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Sony Pictures Home Entertainment
DVD Released: 9/1/2015
All Ratings out of
Review by Mike Long, Posted on 8/31/2015
My wife is a fan of The Walking Dead and several times per season, she will turn to me and say, "Why don't you like this show?" and my answer is always the same: "Because I've seen it all before." But, such is the case with the zombie genre. Unless the film is an avant-garde piece which is only a zombie movie in theory, the genre doesn't offer a great deal of variety. Sure, we've seen zombie comedies and zombie romances, but they are really just variations on a theme. At first glance, the new film Extinction looks as if it's bringing some new things to the genre, but it's simply cold leftovers.
As Extinction opens, we see a group of people on a school bus, who are clearly attempting to flee something. The bus is attacked by very violent people, and Patrick (Matthew Fox), Jack (Jeffrey Donovan), and Emma (Valeria Vereau) manage to escape, along with a baby. The story then leaps ahead nine years. The world has become a snow-covered wasteland. Jack and Patrick lived in houses which are across from one another, but they do not speak. The baby has grown up to be Lu (Quinn McColgan), a precocious and curious child who lives with Jack. Jack and Lu mainly stay inside of their house, where Jack attempts to create as “normal” an environment as possible, while Patrick, who is often drunk, occasionally ventures out for supplies. This odd stasis is interrupted with Patrick learns that the violent people from before are still around and that they’ve evolved.
Extinction plays out as a roller-coaster ride of promises and disappointments. The opening scene is rife with zombie movie cliches, right down to the “Everything’s OK...oh no, someone did get bitten.” Some of you will be tempted to turn to the movie off at this point. Then, the jump ahead in time occurs and suddenly we are faced with some questions. Why has the world become a tundra? What are the relationships of these three characters? And most importantly, why don’t Jack and Patrick talk anymore? Unfortunately, we only get an answer to one of those questions. (I won’t tell you which one.) However, these questions do move the movie forward and make it interesting for a brief period.
However, we know that this is a horror movie and that the focus will shift away from the human factor at some point, and when it does, Extinction dives right back into cliches. One can argue that the second half of the movie is a monster film as opposed to a zombie film, but the same hackneyed story points arrive all the same. The finale, which becomes a full-on siege movie, contains some interesting shots, but they doesn’t change the fact that we’ve seen it all before.
It’s interesting that Extinction rolls out many zombie movie platitudes, but the bulk of the film -- the idea that zombies can’t live in the cold -- is an idea taken from the novel World War Z, which did not appear in the movie. (If you really want to go down that rabbit hole, you’ll remember that Matthew Fox has a brief appearance inWorld War Z, but his role was cut down significantly when the third act was re-structured.) If Extinction could have avoided these old ideas, it had the potential to be an intriguing movie. Again, the notion that two old friends live right beside each other, but don’t talk is a great jumping-off point for a movie, but the film only scratches the surface of being a drama about relationships and falls back into being a horror movie. Despite the presence of two leading-men from TV, Extinction has very little personality and will only be compelling to zombie movie completists.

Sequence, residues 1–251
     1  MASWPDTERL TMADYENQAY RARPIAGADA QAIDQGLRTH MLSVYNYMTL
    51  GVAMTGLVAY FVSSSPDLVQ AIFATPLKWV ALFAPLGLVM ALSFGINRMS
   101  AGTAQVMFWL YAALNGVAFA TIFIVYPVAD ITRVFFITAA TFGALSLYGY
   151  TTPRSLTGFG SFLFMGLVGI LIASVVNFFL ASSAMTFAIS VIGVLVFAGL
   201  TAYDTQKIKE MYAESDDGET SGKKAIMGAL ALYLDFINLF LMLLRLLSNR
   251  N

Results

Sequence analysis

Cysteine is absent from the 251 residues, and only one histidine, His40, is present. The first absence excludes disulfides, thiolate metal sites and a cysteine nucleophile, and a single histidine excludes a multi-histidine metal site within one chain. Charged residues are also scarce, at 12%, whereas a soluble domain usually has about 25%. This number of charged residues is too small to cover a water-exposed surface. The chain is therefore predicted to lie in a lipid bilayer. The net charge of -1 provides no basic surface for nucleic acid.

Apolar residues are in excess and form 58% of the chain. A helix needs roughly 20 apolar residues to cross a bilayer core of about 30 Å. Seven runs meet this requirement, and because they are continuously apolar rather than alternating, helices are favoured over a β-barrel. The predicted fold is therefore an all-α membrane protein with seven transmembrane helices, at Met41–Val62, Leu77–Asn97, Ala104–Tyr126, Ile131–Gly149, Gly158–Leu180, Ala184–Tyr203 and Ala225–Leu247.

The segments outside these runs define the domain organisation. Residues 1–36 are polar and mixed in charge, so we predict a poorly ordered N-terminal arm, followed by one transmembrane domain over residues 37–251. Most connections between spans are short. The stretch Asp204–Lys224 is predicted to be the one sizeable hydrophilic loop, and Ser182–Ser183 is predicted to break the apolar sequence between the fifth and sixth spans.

Extinction features some incredibly bad CGI on DVD courtesy of Sony Pictures Home Entertainment. The film has been letterboxed at 2.35:1 and the transfer has been enhanced for 16 x 9 TVs. The image is sharp and clear, showing no overt grain and no defects from the source materials. Given that a good deal of the film takes place against snowy white backgrounds, the lack of grain is impressive. This is a dark, monotone film, but the occasional splashes of color look good and the image is never overly dark or bright. For a DVD, the level of detail is good, as is the depth. The DVD carries a Dolby Digital 5.1 audio track which provides clear dialogue and sound effects. While we are treated to solid stereo and surround effects throughout, the track really comes to life during the finale, when we get distinct sounds coming from the front and rear channels, which really highlights where action is taking place. The subwoofer effects are strong as well.
The Extinction DVD contains several extra features. "Making of Extinction" (13 minutes) features interviews with the cast and the creative team. Those who worked behind the camera speak Spanish (with English subtitles). The piece touches on the story and themes, and then goes into the production, playing special attention to the challenges of spreading snow on a set. (Note that the movie goes under its original title "Welcome to Harmony" here.) "The Apocalypse" (3 minutes) is an odd little featurette which sort of has to do with the geography of the sets. "The Creatures" (3 minutes) focuses on the film's monsters, including their look and movements. "Digital Effects Part 1" (3 minutes) and "Digital Effects Part 2" (2 minutes) feature comments from Visual Effects Supervisor Juan Manuel Nogales who talks about the visual effects while we see breakdowns of how certain shots were layered. "Matthew Fox and Jeffrey Donovan" (2 minutes) has the two actors describing their characters, while "Clara Lago and Quinn McColgan" (2 minutes) allows the female cast members to do the same thing. "VFX Breakdowns" (3 minutes) simply brings back things we saw in the earlier visual effects piece.
Review Copyright 2015 by Mike Long